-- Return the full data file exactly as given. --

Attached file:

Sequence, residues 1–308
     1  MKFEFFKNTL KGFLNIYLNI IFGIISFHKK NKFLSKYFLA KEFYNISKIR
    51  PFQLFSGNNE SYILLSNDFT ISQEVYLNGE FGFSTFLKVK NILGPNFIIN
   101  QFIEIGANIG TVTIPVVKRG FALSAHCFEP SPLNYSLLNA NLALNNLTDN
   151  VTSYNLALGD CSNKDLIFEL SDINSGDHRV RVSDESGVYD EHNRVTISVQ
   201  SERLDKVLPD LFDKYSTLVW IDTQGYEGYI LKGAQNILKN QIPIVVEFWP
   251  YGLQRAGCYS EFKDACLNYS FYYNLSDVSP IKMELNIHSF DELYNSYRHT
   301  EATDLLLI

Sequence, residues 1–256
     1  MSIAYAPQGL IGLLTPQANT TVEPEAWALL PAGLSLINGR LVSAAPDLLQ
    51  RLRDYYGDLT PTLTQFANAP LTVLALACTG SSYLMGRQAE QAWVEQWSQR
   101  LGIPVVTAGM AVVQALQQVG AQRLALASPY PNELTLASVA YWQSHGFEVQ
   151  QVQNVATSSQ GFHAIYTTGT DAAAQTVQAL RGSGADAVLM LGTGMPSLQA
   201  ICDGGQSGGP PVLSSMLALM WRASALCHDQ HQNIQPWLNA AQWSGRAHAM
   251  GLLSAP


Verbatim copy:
Sequence, residues 1–308
     1  MKFEFFKNTL KGFLNIYLNI IFGIISFHKK NKFLSKYFLA KEFYNISKIR
    51  PFQLFSGNNE SYILLSNDFT ISQEVYLNGE FGFSTFLKVK NILGPNFIIN
   101  QFIEIGANIG TVTIPVVKRG FALSAHCFEP SPLNYSLLNA NLALNNLTDN
   151  VTSYNLALGD CSNKDLIFEL SDINSGDHRV RVSDESGVYD EHNRVTISVQ
   201  SERLDKVLPD LFDKYSTLVW IDTQGYEGYI LKGAQNILKN QIPIVVEFWP
   251  YGLQRAGCYS EFKDACLNYS FYYNLSDVSP IKMELNIHSF DELYNSYRHT
   301  EATDLLLI

Sequence, residues 1–256
     1  MSIAYAPQGL IGLLTPQANT TVEPEAWALL PAGLSLINGR LVSAAPDLLQ
    51  RLRDYYGDLT PTLTQFANAP LTVLALACTG SSYLMGRQAE QAWVEQWSQR
   101  LGIPVVTAGM AVVQALQQVG AQRLALASPY PNELTLASVA YWQSHGFEVQ
   151  QVQNVATSSQ GFHAIYTTGT DAAAQTVQAL RGSGADAVLM LGTGMPSLQA
   201  ICDGGQSGGP PVLSSMLALM WRASALCHDQ HQNIQPWLNA AQWSGRAHAM
   251  GLLSAP